Looking to extend the life of your beds into the fall and winter? Hoping to grow produce year round, or protect your plantings from some of nature’s harshest conditions? Why not try a hoop house!
Photo by Paul Drowns
Hoop houses provide extra heating units needed potential year-round growing. Imagine earlier starts for your seeds, and later finishes of at least 4-6 weeks of extra production in spring, fall, and winter months. Plus, the protective plastic sheeting provides shields damaging winds, flooding, and drought as the conditions in the hoop house can be controlled with simple coverings (try 50% shade cloth in the summer, and inner layers of plastic in the winter for extra warmth), ventilation, and irrigation systems.
There are no set plans for a hoop house. The dimensions of your structure are determined by the specific needs and desires of each grower. All it takes to build your own hoop house is a little basic carpentry, patience, and some creativity. The hoop house differs from the greenhouse because it usually has no heating system or ventilation fan. The house is heated by solar energy and is cooled by the wind. Proper ventilation and a small heater can help to control growing.
Hoop houses are constructed with a series of large hoops made of a variety of materials – from PVC piping and rebar stakes to saplings and bedsprings, fiberglass rods, rubber tires, metal, and more – that are covered with greenhouse plastic, which is stretch snugly over the hoop frame and fastened to baseboards. Some designs include a mechanism for creating plastic sides with the ability to be rolled up for easy access to plant.
Photo by Michael
Many growers find that high-walled, tunnel hoop houses work best because you can enter the house to tend your plants, but shorter versions work well as portable row covers. The size and style of the houses range from single garden bed Quonset-style or pagoda-style huts, to tunnel systems that reach hundreds of feet of planting rows, and can be just as portable, if constructed in manageable sections.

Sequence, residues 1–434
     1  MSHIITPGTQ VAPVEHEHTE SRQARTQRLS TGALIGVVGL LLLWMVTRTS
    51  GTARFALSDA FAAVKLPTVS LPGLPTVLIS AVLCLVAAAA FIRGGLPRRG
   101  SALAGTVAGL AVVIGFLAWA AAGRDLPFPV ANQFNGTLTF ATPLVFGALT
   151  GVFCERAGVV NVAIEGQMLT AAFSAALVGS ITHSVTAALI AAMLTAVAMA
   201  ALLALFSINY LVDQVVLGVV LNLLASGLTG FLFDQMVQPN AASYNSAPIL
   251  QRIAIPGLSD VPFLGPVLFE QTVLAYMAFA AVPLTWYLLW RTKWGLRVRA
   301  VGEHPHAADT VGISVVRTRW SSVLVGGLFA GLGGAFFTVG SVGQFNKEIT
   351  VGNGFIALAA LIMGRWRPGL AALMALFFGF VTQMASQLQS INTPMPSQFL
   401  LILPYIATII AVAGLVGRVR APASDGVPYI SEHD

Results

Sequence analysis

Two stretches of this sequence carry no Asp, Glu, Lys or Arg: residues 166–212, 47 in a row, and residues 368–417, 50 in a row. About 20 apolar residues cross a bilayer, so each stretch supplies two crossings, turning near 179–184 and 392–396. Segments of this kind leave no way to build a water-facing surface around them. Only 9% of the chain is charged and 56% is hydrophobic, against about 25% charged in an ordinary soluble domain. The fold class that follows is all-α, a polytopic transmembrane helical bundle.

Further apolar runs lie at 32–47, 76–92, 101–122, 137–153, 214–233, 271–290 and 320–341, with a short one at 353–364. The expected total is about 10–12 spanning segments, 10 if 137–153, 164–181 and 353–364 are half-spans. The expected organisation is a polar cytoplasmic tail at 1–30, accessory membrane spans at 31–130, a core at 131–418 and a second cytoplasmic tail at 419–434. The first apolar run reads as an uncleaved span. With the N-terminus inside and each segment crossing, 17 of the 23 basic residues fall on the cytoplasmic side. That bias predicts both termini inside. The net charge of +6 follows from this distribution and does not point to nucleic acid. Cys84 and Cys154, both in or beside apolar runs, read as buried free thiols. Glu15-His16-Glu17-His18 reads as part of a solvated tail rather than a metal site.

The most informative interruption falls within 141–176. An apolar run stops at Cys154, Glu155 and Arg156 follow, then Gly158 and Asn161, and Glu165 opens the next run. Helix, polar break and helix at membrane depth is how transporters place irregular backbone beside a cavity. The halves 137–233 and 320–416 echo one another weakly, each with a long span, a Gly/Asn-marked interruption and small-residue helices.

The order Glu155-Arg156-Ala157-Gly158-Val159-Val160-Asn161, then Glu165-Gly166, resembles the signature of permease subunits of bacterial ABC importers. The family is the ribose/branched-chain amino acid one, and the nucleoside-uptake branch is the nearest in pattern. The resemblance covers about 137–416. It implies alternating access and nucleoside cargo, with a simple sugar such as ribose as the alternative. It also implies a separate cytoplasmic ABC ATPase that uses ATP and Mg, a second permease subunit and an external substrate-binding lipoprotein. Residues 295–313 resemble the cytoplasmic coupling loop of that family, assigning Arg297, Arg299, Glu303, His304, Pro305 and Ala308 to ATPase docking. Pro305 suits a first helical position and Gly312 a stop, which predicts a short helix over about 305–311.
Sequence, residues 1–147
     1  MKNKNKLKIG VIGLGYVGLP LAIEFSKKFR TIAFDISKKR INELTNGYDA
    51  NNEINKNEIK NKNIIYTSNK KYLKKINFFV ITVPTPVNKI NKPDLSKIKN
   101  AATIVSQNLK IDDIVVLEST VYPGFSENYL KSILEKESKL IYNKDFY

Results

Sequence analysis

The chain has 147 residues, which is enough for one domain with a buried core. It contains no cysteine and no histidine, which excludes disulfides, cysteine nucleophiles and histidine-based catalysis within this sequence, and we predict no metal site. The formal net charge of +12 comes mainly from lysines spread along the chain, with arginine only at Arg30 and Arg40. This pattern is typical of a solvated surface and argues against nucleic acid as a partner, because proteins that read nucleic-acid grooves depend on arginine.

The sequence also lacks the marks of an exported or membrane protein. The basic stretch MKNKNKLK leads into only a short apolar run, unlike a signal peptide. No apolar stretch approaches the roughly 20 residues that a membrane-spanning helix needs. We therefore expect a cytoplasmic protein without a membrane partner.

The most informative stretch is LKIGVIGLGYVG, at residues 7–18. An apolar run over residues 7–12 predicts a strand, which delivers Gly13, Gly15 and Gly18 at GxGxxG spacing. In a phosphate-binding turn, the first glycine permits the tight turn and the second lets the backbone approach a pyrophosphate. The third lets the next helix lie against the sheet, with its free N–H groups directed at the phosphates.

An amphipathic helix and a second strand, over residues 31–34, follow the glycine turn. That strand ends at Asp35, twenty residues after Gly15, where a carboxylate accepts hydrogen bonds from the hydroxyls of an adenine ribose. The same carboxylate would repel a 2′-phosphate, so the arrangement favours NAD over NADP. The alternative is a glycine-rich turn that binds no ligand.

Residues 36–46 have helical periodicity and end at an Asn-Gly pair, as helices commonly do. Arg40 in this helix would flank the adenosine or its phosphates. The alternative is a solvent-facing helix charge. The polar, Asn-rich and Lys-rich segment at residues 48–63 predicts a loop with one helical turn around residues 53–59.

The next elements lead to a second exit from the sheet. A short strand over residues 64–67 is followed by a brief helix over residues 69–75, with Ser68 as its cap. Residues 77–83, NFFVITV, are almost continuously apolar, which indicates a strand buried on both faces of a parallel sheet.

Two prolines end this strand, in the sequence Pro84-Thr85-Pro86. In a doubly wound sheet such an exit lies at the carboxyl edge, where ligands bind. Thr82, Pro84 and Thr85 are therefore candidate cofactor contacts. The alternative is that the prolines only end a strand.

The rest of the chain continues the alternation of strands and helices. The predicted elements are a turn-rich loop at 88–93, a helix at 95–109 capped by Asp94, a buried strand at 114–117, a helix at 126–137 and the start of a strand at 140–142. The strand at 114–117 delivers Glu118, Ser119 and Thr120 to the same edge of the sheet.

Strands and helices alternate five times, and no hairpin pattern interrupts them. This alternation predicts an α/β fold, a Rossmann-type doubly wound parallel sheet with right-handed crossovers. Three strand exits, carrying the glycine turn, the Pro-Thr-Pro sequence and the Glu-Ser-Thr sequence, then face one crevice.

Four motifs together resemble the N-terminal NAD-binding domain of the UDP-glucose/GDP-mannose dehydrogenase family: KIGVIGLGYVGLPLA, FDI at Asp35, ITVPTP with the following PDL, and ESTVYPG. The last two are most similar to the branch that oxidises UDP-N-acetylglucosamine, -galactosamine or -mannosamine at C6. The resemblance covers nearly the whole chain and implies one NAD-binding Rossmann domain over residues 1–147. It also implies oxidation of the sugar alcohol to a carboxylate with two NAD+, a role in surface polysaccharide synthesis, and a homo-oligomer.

The hoop house is a relatively easy, DIY project that can be done on the cheap. The most important things to remember when constructing your hoop house are: location, measurements, securing the structure, providing ample internal supports, squaring each corner and building straight and level sides, and ensuring proper ventilation and covering. Here are some tips from folks at Mother Earth News, DIY Network, and Kansas Rural Center:
Photo by Farmer Neysa
A few tips before constructing your hoop house:
1) Plant cover crops before building – it will increase soil fertility and control weeds
2) Choose cold-hearty varieties to grow during cooler months
3) Build perpendicular to the prevailing winds for good cross-ventilation
4) Make this easy on yourself – build in a location with easy access to water and electricity (if necessary)
5) Consider portability when choosing a plan or design
6) Plan a budget that includes upcycling or repurposing old materials – which will cut costs and waste
Photo by Michael
HOMEGROWNer Andrew builds a hoop house for less than $30!
HOMEGROWN Shepherdess Cornelia has some great links for building your own hoop house/greenhouse/hot house.
HOMEGROWN.org has hundreds of photos of our members’ hoop houses. Check them out for inspiration!
Mother Earth News has a great article on the benefits of hoop houses and the ease of construction of “the most forgiving, productive, and profitable structure.”
Clark County Extension specs and plans for hoop houses.
Diggin’ Food DIY Mini Greenhouse.
Kansas Rural Center's helpful facts and tips on constructing your hoop house.
KitchenGardeners.org informative how-to on building hoop houses.
Whether you want to learn how to grow and raise your own food, build your own root cellar, or create a green dream home, come out and learn everything you need to know — and then some!LEARN MORE